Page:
At Frankfurt Book Fair last month, we were pleased to have a specially developed article by Tracey Armstrong, president and CEO of Copyright Clearance Center, in our Wednesday (October 11) Show Daily.
In her essay, Armstrong takes an unblinking look at the fact that surveys show publishing’s leadership recognizing digital development as “‘critical to business growth,’ while being frustratingly complex.” And she takes a hard look at how to separate such emotional constructs from the potential available to publishers in embracing the digital dynamic.
By Tracey Armstrong, Copyright Clearance Center
‘To Bring Value to Market More Quickly’
“We don’t want to replace the dollars we were making in the analog world with pennies on the digital side.”
– NBC CEO Jeff Zucker in 2007 on why NBC was pulling its content from iTunes
The US television network NBC stumbled in their digital transformation journey when, in September 2007, they pulled out of a partnership with Apple to stream their content on iTunes. Over the next couple of months, piracy of NBC content compared to its contemporaries grew more than 11 percent, while piracy of NBC content from a unit perspective more than doubled. The losses were so impactful that in less than a year, NBC did a complete reversal and accepted Apple’s terms.
The failure of NBC wasn’t a technical problem—it was a business problem. They were so focused on protecting an old business model that they failed to plan for the future.
When launched in April of this year, Cori Bergmann, president of Chan Zuckerberg’s scientific efforts, stated “We need to speed up science. One thing that slows us down today is that it can take a year or longer to publish research in a scientific journal.”
Scientific publishing provides a microcosm of the challenges that all publishers face. Primary among those are user expectations of speed, seamless workflow, and strong collaboration. Data can be processed at unprecedented volume and rates to gain new scientific insights. Technological advances in processing data result in the demand for more data. Researchers expect to easily access this data instantly.
Digital efforts—like the Chan Zuckerberg Initiative, which is funding an effort to allow researchers to share drafts of papers before the papers are published—begin to address researcher expectations.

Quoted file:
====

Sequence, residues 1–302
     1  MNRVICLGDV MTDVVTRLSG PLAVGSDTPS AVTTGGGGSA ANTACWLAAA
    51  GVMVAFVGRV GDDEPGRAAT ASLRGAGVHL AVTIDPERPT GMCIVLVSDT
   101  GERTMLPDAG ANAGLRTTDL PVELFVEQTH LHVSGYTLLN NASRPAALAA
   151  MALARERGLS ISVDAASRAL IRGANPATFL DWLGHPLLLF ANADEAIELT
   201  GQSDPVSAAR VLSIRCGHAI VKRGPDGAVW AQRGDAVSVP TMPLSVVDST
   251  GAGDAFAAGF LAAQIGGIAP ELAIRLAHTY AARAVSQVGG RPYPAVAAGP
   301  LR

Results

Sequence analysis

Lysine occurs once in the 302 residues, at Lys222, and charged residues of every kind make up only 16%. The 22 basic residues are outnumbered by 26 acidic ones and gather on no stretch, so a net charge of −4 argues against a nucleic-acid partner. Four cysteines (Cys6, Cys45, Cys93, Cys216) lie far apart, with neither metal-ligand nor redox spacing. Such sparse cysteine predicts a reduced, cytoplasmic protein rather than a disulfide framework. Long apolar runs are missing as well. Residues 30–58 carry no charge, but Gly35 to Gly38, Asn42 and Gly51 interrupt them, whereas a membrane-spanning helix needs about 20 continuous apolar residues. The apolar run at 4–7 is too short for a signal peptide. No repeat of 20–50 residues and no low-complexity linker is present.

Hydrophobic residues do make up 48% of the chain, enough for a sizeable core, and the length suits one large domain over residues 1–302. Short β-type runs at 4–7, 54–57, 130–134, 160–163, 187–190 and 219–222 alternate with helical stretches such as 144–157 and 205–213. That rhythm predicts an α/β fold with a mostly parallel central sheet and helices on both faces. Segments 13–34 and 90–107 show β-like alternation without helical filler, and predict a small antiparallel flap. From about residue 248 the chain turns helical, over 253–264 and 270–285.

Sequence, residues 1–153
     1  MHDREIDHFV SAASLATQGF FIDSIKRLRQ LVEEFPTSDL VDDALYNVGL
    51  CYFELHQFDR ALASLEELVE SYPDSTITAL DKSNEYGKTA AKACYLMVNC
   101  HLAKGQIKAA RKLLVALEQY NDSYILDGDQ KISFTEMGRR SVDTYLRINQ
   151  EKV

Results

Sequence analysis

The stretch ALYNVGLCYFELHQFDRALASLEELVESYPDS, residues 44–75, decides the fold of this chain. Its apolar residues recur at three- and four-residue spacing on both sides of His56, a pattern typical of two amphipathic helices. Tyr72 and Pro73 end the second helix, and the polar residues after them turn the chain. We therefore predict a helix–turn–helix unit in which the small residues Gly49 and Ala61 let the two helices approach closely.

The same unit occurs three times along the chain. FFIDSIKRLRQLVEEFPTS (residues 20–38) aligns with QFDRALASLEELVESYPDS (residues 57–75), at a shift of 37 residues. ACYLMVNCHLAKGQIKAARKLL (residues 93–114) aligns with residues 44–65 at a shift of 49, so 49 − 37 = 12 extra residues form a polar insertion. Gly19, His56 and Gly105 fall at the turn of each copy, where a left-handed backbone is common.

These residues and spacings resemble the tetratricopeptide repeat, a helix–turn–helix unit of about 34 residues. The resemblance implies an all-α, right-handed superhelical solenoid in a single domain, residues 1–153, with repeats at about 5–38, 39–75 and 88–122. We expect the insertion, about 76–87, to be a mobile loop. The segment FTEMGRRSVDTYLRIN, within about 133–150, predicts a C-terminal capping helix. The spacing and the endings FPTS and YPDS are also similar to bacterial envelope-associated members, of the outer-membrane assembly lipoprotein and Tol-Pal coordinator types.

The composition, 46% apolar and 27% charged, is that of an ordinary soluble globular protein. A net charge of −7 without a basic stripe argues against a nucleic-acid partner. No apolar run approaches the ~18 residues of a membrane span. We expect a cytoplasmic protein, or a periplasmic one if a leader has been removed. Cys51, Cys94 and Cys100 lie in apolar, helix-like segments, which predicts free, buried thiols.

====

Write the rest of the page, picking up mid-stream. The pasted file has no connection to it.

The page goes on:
The goal is to allow scientists and researchers to share drafts of their papers and results of their research, including negative results, before the peer review process to drive greater collaboration and speed discovery.
In a 2017 survey conducted of 25 leading UK and US STM and trade publishers, digital transformation was seen as “critical to business growth,” while being frustratingly complex. The frustration comes from clinging to old business models and thinking that parts of the system can be saved by implementing new technologies. This was NBC’s mistake in 2007.
While changing researcher expectations is critical, emerging changes to research incentives will create more dramatic demands on publishing—for more agility, services and innovation. Publishers, therefore, need to think bigger and move quickly.
“Publishers would be wise to learn from other content industries, recognize the power of shifting user expectations, and harness the power data through digital transformation to create future value.”Tracey Armstrong
Digital transformation is about changing business processes and systems to enable companies to bring value to market more quickly. In scientific publishing, that value is being defined by the market today as more published research results, seamless access to content and massive data sets in addition to journal articles to feed data processing.
Publishers can gain a better understanding of their customers and embrace data-driven decision-making through digital transformation. They can establish new processes that leverage the value of existing data while capturing new data. This requires the ability to create new workflows, and manage old ones, in a way that doesn’t disrupt current business while accommodating new opportunities.
In a move seen as crazy by industry insiders, in 2011, Netflix committed $100 million to produce two full seasons of a TV series. Their data crunchers had analyzed viewing patterns of 33 million subscribers and were confident the show would be a hit. While major networks waited for Netflix to fail, House of Cards went on to become a huge success, winning Emmy and Golden Globe awards.
NBC didn’t understand the shift in user expectations in 2007. Netflix used data to defy accepted norms, investing in two seasons of shows and producing a massive success.
Publishers would be wise to learn from other content industries, recognize the power of shifting user expectations, and harness the power data through digital transformation to create future value.